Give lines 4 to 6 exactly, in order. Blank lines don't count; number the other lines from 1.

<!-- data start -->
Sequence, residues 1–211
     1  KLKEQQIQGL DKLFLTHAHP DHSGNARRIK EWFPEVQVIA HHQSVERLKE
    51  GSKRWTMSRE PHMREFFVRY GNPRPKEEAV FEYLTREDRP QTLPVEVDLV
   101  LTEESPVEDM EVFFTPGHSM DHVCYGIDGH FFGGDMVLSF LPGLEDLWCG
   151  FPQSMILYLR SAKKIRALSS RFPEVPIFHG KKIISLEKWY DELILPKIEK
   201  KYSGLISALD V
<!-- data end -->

   101  LTEESPVEDM EVFFTPGHSM DHVCYGIDGH FFGGDMVLSF LPGLEDLWCG
   151  FPQSMILYLR SAKKIRALSS RFPEVPIFHG KKIISLEKWY DELILPKIEK
   201  KYSGLISALD V